His heart was ever open to the neglected and forlorn. Between Galilee and Judea there lived a tribe of people, half Jewish and half Pagan, who in their religion as well as in their blood exhibited a degeneration from the high ideals of the early times. Degenerates and apostates, they were held in deep abhorrence by Hebrews whose hearts were true to the high traditions of their country. It was only in cases of necessity that a Jew could be induced to pass through the region inhabited by these people. Jesus not only passed through Samaria, but he tarried there and taught the people just as he taught the men of Judea and Galilee. They were outcasts, but they were also human, and if they had no protector or friend, he at any rate would befriend them. Some of them might not understand how to receive him, but such churlish conduct could not dampen the ardor of his interest in them. The disciples with blazing hearts might want to bum up a Samaritan village, but the Knight of Galilee came not to destroy but to save. No man could take his place on the side of the Samaritans without paying an awful penalty, and Jesus paid it. Men gnashed their teeth and hissed, "You are a Samaritan." That was the most cutting thing it was possible for them to say, but he never swerved from his course. He healed Samaritan lepers as freely as any others, and when he painted a man who represented his ideal of goodness he painted him with the features and dress of a Samaritan. The parable that has probably taken the deepest hold on the heart of the world of all the parables that Jesus spoke is the parable of the "Good Samaritan." The creation of that parable was a sublime act of chivalry.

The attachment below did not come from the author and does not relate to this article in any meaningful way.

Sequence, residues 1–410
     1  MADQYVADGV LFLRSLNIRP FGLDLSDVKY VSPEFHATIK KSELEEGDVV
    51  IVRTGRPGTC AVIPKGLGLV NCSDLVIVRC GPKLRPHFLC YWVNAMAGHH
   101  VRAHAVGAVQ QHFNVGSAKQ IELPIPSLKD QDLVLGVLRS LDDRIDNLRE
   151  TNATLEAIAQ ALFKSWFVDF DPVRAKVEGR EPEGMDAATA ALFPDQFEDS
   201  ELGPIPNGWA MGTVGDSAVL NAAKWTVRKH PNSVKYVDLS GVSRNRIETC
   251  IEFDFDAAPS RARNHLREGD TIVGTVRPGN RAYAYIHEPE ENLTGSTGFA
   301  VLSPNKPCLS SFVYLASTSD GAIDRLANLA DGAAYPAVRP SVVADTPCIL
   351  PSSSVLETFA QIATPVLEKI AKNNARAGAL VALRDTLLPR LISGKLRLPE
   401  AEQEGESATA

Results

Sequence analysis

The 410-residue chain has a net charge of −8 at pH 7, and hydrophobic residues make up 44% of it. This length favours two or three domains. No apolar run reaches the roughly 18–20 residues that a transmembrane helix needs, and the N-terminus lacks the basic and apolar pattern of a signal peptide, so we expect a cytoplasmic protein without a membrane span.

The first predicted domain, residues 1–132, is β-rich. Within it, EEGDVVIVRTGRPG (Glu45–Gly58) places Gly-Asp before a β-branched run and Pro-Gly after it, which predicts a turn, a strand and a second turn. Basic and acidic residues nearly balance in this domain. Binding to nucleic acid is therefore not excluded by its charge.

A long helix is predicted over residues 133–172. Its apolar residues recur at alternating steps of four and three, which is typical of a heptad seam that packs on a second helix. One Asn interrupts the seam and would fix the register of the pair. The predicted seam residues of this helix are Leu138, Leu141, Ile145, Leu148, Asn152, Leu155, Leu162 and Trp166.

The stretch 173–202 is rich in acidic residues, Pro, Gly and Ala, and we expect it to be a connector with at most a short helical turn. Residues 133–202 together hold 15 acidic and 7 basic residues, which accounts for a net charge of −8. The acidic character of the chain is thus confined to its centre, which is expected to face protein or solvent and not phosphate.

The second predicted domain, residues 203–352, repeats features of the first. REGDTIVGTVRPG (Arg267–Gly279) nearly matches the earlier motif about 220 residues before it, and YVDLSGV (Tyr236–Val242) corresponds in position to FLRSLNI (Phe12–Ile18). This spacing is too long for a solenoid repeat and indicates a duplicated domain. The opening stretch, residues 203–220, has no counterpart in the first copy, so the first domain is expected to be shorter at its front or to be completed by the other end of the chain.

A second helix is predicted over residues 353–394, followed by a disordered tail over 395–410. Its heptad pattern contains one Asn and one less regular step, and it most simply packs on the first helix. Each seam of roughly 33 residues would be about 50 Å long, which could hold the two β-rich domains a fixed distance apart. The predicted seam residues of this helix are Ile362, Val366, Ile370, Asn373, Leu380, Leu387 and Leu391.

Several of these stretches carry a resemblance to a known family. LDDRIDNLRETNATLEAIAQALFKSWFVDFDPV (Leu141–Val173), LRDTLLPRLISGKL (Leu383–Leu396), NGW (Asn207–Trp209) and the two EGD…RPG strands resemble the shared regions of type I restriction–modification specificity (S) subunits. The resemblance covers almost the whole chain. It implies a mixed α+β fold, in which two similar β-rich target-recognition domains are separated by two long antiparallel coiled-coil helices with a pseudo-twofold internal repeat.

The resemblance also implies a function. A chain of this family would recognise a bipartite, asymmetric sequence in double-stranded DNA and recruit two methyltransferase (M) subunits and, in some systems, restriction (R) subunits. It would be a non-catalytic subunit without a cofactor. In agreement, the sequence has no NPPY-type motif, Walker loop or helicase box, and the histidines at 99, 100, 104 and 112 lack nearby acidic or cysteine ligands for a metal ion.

There were outcast,; even in Galilee and Judea. There were people who were estranged from organized religion. They neglected the observances and regulations of the synagogue, and were labeled "sinners" by the pious. They were not in all cases profligates or vagabonds, but simply men and women who had no liking for the ceremonies of the church and who took no interest in the Rabbis or their teachings. The Rabbis in return took no interest in them. They were counted renegades and apostates, from whose society it was well that all decent people should hold aloof. In many of these people there were aspirations after better things, and in all of them there were the deep hungers and warm feelings of our common humanity. But they were outcasts. The church had laid a ban upon them. They were dangerous. Their example was demoralizing, their ideas were poison. No one who cared for his reputation as a God-fearing man dared to associate with them. No Rabbi in all Palestine would risk his good name by dining with any one of them. But Jesus was not a man to be deterred by the execrations of polite society. The so-called sinners were human beings, and because children of God they were not to be despised. If no other religious teacher would go among them, he would. He did. He made himself of no reputation. He sat down with sinners and ate with them. The Pharisees never forgave him. His courtesy to the unchurched masses hastened the day of his crucifixion.